These are decisive hours that will define the future of Ecuador, the advance of the mobilization and its necessary organization may forge an alternative that opposes not only Lenin Moreno but any of the bourgeois variants that will start propose themselves to try to stop and deviate the basic objectives that the people demand, because in Ecuador as in the whole world, everything must be turned around, so that those who have never ruled -workers, peasants and the people- govern once and for all.

Yesterday, Lenin Moreno announced on national radio and television broadcast, that he had decided to move the government’s headquarters to the city of Guayaquil, given the impossibility of continuing working from the Ecuadorian’s capital.

It is necessary to highlight that, unlike other popular uprisings carried out in Ecuador, which achieved the overthrow of the governments of Abdala Bucarán 1996, Yamil Mahuad 2000 and Lucio Gutiérrez 2005, with mobilizations centered in the city of Quito, the national political center, while protests were very weak in the rest of the country.

The current popular uprising registers a generalized protest with similar strength in almost all the provinces of the country, making it clear that the repudiation of the current government is widespread throughout Ecuador.

However, unlike other occasions, the national oligarchy, the army, and the media have closed ranks around Moreno, which is why, despite the intensity of popular discontent, the government still holds on.

What is the origin of this institutional crisis, which has weakened the regime and brought us back to the conditions of institutional fragility of more than a decade ago (1996-2006 where there were 10 presidents in 10 years, three governments were overthrown, and the lowest qualification of the regime)? This institutional crisis of the constituted power dates back to that dark decade in Ecuadorian politics, accompanied by the strong democratic deconstruction that began in 2007 with the inauguration of Correa that allowed the mass movement to advance in the Constituent Assembly, which built in Montecristi, the land of Gral. Alfaro, a series of advances that weakened the old state structure, which had weakened labor relations, outsourced work, deregulated labor legislation, privatized public companies, and established an economic reform which placed the country in the hands of financial speculators and parasites of all kinds.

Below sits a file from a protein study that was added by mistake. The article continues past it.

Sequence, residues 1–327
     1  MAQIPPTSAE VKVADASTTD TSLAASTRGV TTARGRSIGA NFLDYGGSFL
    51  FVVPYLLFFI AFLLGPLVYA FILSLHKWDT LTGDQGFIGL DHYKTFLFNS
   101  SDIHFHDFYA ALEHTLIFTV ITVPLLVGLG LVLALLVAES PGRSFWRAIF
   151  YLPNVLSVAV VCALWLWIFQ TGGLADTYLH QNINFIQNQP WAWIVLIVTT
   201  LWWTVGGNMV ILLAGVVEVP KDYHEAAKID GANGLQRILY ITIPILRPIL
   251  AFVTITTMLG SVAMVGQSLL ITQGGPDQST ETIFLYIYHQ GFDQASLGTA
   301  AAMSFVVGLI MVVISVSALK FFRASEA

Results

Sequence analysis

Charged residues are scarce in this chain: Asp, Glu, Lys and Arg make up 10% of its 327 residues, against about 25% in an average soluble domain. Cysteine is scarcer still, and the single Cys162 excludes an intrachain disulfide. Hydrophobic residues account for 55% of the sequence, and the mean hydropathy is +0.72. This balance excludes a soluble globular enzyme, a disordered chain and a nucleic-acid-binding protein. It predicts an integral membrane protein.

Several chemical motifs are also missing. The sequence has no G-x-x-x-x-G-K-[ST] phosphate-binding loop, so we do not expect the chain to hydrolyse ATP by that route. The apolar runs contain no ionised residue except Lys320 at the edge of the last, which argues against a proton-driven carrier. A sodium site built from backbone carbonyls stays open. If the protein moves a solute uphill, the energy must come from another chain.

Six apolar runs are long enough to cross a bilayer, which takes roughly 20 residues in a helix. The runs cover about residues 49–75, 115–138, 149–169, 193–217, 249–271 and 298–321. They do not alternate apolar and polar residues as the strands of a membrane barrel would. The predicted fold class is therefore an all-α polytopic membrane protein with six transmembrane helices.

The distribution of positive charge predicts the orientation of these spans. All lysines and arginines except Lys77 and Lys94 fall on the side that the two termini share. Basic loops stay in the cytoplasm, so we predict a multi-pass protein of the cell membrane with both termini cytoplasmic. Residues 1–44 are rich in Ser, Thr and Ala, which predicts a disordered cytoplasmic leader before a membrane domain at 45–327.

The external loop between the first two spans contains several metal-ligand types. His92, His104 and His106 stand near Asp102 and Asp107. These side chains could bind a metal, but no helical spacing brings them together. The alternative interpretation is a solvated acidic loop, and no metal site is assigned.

This new constitution and the mobilization of the population allowed advances in the economy, increased the income collection system and improved oil royalty revenues. External indebtedness was eliminated to finance current expenditure, and income from exports was used for infrastructure investment in general, changing the face of the country with improvements in the road structure, in schools, hospitals, universities, and an aggressive program for the so-called change of the productive matrix, by sending thousands of young people to study in scientific centers around the world. All this during the international situation that, in the heat of the increase in the price of raw materials, allowed the bourgeoisie, not without resistance, to yield a minimum part of the monumental profits they obtained during the first decade of the 2000s.

By the end of his term and as the economic “summer” was ending due to the imperialist crisis of 2008, the Correa Government itself began to decrease public works spending and ended up nominating his former trusted man and current president Lenin Moreno as his successor.

In two years, Moreno dismantled absolutely everything, causing a regime crisis that has generated the accumulation of unprecedented anger in the population. The conditions that originated the Constituent Assembly of 2007, have been raised again and the country is preparing to recover the labor conquests and the dynamics of the economy that Moreno destroyed rapidly.

The fall of the government is a matter of time because, in addition to poor political performance, there is a government with few intellectual lights. In the face of discontent among the population, Lenin Moreno acts just like the backward governments of past decades. He blames the current crisis on Correa, who nominated Lenin Moreno himself.

Courtesy International Socialist League